Men + Myself + God

Tag: healing

Left…

by P. Braithwaite


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Is it just me, or does the world feel like a pressure cooker? Maybe it always has. Or maybe I’m old enough to feel tension crush my bones. We talk privilege and injustice. We trade binaries — sharp lines. We argue, repost, unfollow and overshare. We intellectualize heartache and scream across our newsfeeds. We love…we grieve…we yell at one another.

And I, disoriented, don’t know where to put my voice.

I still don’t know how to use my voice.

I’m still the 7 year old girl who reads in trees (though she might fall). I’m still so shy I want to hide when I enter rooms alone. I still cry when I think I’ve made a bad impression. I’m still the girl who wants a love so deep she’d suffocate to find it. I haven’t yet escaped my own self-loathing.

No one taught me I’m entitled to love the sound of my own voice…

-p

image credit: Bells Design

“Everyone should have a museum dedicated to the worst day of their life…”

by P. Braithwaite

 

 

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I came across Steve Kandell’s gut-wrenching article on BuzzFeed called The Worst Day of My Life is Now New York City’s Hottest Tourist Attraction. Yeah. He went there. It is a deeply personal account of his experience at the new 9-11 museum from the perspective of someone PERSONALLY affected by the tragedy (he lost his sister Shari). The entire post is worth checking out, but the following paragraph was like a punch in the stomach…

I think now of every war memorial I ever yawned through on a class trip, how someone else’s past horror was my vacant diversion and maybe I learned something but I didn’t feel anything. Everyone should have a museum dedicated to the worst day of their life and be forced to attend it with a bunch of tourists from Denmark. Annotated divorce papers blown up and mounted, interactive exhibits detailing how your mom’s last round of chemo didn’t take, souvenir T-shirts emblazoned with your best friend’s last words before the car crash. And you should have to see for yourself how little your pain matters to a family of five who need to get some food before the kids melt down. Or maybe worse, watch it be co-opted by people who want, for whatever reason, to feel that connection so acutely. <Read the rest of the article here>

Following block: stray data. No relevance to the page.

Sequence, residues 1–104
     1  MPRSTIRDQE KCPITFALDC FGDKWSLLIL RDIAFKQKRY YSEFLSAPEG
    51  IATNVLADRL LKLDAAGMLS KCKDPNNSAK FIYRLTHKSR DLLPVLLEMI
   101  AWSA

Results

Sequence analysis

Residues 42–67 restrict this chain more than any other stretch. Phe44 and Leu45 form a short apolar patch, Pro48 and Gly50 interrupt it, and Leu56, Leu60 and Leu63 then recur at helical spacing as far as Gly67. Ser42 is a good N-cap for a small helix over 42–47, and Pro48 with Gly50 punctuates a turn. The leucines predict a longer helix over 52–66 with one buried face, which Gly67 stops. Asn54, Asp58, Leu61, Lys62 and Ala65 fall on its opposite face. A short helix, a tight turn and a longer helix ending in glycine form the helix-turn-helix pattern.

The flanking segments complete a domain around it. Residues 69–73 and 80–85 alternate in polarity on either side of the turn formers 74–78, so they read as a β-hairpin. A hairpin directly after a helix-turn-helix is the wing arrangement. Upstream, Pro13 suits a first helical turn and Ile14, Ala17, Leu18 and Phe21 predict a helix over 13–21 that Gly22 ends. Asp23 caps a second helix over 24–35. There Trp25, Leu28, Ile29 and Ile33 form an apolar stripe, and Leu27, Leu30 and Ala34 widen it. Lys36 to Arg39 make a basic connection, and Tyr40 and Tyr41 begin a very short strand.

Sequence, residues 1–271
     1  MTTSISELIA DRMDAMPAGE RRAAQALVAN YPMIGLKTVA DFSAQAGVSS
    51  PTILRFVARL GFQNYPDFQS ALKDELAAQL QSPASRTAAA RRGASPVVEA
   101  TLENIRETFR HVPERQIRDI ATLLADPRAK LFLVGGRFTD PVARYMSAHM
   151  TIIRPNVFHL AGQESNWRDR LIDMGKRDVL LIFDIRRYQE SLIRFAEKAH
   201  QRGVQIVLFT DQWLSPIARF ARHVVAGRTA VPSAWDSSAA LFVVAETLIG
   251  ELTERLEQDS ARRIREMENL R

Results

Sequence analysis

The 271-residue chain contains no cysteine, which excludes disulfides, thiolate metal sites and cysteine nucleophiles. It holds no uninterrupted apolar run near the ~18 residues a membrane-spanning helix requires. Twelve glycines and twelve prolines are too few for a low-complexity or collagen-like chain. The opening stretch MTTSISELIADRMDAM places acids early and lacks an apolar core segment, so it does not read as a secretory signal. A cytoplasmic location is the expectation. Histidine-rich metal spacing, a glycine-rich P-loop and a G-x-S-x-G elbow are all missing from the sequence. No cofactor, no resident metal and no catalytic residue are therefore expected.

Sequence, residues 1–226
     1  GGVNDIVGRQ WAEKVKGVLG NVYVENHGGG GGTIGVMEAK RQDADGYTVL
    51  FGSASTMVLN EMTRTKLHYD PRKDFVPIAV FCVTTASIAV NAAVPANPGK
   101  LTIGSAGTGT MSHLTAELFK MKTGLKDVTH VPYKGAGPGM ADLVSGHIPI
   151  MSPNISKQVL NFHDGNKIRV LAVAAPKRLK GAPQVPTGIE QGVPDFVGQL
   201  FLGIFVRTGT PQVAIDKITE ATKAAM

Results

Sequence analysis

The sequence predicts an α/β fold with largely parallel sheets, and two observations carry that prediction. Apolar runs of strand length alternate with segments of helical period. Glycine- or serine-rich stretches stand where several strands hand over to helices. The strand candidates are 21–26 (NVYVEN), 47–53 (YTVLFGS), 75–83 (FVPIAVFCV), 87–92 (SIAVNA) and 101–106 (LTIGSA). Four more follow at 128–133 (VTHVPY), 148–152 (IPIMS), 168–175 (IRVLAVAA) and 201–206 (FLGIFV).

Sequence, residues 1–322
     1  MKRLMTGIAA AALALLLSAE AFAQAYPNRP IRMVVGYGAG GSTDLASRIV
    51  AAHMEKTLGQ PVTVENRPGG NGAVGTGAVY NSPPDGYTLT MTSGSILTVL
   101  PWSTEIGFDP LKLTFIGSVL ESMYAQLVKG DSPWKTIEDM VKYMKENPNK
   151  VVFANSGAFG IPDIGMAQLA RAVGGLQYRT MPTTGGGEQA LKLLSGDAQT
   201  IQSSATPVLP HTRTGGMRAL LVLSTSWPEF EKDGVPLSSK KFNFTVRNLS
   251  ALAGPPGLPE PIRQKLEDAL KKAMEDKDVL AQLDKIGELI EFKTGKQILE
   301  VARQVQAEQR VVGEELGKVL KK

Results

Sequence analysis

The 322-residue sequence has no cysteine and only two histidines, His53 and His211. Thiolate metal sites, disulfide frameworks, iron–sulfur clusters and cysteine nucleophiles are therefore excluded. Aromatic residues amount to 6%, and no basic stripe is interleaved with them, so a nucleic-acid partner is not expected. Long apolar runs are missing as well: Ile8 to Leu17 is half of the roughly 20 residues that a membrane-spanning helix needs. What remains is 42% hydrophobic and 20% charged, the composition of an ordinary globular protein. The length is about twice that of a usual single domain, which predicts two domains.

In our effort to be connected, in our desire to share pain, let us have reverence for the struggle of others. Let our desire to hold space be routed in love rather than curiosity. Let us not make spectacles of other people’s pain. And, if we find ourselves sharing in collective grief, let us take time to feel rather than intellectualize. Let our grief bring us closer to the wisdom without words…the wisdom beyond the gift shop. Let us understand that our moment of public empathy, our seconds of national solidarity, are routed in very real moments that irrevocably change other people’s lives. We need to have reverence for the experiences of one another…

Most of all, whatever hardship you may be going through, may you breathe into the comfort that obscurity provides. May you be gentle with your own pain…and process it without the scrutiny of others.

And so it is.

Someone Else’s Karma

by P. Braithwaite

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I’d be lying if I said he was forgotten. Sometimes, when I least expect it, the air carries his scent: laughter, sadness, passion, love. Other times a new season of an old show will air, and I’ll remember how we sat tangled on my couch. Happily. Addicted. Oblivious. Drunk. Refusing to let me fast-forward commercials.

“Commercials are our chance to really talk.”

When it’s over, bad memories are comfort. They support your thesis – he’s an asshole; she’s a jerk. The happy memories are harder to swallow. They are an under-wire bra, sexy but constricting. You can’t wear them for long. They don’t support the present circumstances.

Forgive me; it’s 1 am and I’m nostalgic.

It’s seductive to imagine a forlorn ex-lover writing you love poems with his own blood. Or its enticing to imagine a lover who never cared — a man who never loved. A person who has moved on and has forgotten you exist. Chances are, the truth is somewhere in-between.

You never know someone else’s karma.

You never know where a person’s path may lead them, and you never know when or why they may think of you. Life has a way of moving us forward. Nature only supports growth. Memories soften around the edges and fade into our present. We don’t linger. We move forward. We heal.

But that doesn’t mean love wasn’t there.

We never know another person’s karma.

The sad truth of life is that we can never know, unequivocally, the level of love or devotion that existed within another. We can only trust in our own perceptions of the past – the love was real, the moment magic, and the ending…for the best.

The ending is almost always for the best…

But you never know another person’s karma.

You can only nourish and cultivate your own.

And so it is.